Benthic organisms spend most or all of their lifecycle in the sediment of the lake. Some fish are benthic feeders or spend most of the time near the bottom; others eat organisms that have spent part of their lifecycle as benthos. Finally, birds and mammals prey on these same fish. Each organism has bioaccumulated contaminants during its lifecycle, and the effect magnifies as one moves up the food chain (biomagnification). There are species used as indicators of this phenomenon (midges, mayflies, brown bullhead, bald eagle and herring gull) for which we have the most information. However, the list of species used to monitor contaminant impacts has grown in recognition of widespread bioaccumulation.
The critical pollutants and chemical pollutants of concern in Lake Erie include organochlorines and metals that are known to cause adverse health effects in animals and humans. These chemicals do not break down easily, persist in the environment, and bioaccumulate in aquatic biota, animal and human tissue; thus they are called persistent bioaccumulative toxic chemicals (PBTs). Organochlorines tend to accumulate in fat (such as adipose tissue and breast milk), and metals tend to accumulate in organs, muscle and flesh. Food is the primary route of human exposure to these PBT chemicals, and consumption of Great Lakes fish is the most important source of exposure originating directly from the lakes. Sources from air, soil/dust, and water constitute a minor route of exposure.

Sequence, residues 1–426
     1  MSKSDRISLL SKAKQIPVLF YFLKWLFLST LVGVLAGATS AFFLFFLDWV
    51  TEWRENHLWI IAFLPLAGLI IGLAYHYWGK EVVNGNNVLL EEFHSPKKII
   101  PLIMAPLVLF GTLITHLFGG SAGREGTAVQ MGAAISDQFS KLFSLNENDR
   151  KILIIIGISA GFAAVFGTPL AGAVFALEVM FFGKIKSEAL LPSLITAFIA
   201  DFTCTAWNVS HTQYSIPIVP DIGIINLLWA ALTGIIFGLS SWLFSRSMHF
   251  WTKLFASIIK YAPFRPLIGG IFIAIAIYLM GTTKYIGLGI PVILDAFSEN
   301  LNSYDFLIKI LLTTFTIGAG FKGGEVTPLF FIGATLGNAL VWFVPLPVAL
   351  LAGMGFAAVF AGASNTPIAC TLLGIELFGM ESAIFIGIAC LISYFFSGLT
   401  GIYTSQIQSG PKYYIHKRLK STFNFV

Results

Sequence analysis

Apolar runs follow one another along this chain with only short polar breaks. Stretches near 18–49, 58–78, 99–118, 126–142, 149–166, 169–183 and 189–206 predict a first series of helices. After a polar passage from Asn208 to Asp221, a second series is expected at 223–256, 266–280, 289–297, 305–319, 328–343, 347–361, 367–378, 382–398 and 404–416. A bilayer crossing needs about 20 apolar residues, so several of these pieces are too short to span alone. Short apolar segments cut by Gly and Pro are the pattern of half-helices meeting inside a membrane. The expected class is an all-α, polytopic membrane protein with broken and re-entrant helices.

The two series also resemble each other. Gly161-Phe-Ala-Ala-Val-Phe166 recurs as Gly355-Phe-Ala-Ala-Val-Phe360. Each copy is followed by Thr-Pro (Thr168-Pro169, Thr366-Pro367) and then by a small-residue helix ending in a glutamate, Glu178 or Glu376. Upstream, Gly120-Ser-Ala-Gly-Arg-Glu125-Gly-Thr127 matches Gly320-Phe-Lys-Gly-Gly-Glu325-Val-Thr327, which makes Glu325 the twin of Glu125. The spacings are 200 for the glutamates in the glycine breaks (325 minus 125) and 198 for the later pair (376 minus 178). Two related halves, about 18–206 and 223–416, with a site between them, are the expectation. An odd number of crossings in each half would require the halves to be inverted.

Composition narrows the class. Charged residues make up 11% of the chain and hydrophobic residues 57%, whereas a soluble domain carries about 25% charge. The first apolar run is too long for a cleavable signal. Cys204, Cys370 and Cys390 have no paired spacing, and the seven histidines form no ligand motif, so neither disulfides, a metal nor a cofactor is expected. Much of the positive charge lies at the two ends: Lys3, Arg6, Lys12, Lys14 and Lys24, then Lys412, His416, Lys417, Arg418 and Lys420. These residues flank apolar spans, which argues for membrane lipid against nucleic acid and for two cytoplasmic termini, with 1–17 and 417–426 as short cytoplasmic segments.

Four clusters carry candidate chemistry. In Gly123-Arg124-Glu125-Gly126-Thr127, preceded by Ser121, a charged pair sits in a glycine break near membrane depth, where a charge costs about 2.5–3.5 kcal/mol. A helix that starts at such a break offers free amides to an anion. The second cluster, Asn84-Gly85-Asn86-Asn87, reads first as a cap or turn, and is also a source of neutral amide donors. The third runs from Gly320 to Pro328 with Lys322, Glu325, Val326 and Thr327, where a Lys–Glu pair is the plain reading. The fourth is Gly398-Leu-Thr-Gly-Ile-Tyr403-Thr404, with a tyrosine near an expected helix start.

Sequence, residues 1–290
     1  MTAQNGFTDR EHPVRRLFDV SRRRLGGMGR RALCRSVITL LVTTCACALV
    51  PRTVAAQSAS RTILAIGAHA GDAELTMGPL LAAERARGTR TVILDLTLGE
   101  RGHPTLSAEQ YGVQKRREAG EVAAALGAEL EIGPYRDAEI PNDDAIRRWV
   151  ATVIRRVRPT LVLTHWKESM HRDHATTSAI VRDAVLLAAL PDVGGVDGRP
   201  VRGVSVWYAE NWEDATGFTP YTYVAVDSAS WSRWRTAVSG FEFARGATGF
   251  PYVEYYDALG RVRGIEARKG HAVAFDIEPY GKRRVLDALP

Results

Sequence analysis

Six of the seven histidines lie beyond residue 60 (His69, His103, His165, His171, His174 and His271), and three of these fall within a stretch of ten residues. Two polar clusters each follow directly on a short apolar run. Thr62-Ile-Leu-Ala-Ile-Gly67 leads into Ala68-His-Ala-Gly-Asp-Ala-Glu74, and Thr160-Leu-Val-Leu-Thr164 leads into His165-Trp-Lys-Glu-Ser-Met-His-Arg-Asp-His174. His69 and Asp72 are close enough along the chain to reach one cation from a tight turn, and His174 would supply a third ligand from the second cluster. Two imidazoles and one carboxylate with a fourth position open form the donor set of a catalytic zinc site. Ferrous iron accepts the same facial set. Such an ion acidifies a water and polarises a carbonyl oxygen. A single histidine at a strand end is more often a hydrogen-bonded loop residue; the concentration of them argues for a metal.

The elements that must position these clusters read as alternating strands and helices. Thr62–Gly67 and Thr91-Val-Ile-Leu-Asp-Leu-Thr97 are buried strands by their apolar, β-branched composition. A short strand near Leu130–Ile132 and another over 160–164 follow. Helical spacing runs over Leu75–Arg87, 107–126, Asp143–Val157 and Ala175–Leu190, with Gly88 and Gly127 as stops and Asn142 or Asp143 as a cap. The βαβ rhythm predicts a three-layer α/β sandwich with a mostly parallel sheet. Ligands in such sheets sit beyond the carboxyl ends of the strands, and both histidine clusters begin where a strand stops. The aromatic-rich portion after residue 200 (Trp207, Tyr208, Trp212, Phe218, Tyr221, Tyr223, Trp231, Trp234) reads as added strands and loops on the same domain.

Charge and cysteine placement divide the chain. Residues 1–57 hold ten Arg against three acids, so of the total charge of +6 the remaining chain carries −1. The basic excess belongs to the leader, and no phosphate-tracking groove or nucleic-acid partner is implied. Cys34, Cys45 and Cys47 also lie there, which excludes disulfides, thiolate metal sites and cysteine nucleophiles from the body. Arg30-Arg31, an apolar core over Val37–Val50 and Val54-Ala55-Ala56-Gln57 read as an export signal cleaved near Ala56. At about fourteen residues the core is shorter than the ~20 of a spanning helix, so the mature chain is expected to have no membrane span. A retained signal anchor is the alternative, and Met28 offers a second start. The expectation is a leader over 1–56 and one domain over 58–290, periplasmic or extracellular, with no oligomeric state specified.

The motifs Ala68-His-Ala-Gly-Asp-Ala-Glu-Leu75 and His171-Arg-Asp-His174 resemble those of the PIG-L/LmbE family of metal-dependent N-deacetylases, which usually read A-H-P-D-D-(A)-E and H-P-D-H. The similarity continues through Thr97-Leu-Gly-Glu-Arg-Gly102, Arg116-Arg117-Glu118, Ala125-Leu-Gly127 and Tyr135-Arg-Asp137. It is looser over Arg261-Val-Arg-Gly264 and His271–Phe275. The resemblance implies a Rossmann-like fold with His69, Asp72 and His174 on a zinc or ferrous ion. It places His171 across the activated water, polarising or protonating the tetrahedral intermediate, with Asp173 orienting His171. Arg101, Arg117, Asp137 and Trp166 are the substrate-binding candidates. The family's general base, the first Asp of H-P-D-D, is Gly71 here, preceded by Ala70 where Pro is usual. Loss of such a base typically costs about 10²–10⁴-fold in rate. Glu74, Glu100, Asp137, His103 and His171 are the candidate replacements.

Since the 1970s, there have been steady declines in many PBT chemicals in the Great Lakes basin, leading to declines in levels in human tissue, for example, lead in blood and organochlorine contaminants in breast milk. However, PBT chemicals, because of their ability to bioaccumulate and persist in the environment, continue to be a significant concern in the Lake Erie basin. Although contaminant levels in the Great Lakes are declining in general, recent trends suggest that concentrations for some pollutants may be leveling off. However, health concerns from environmental contaminant exposures in the Lake Erie basin remain. Therefore, public health advisories and other guidelines should be followed to minimize contaminant exposures. Most of the health effects studies for Great Lakes PBT chemicals have focused on fish consumption.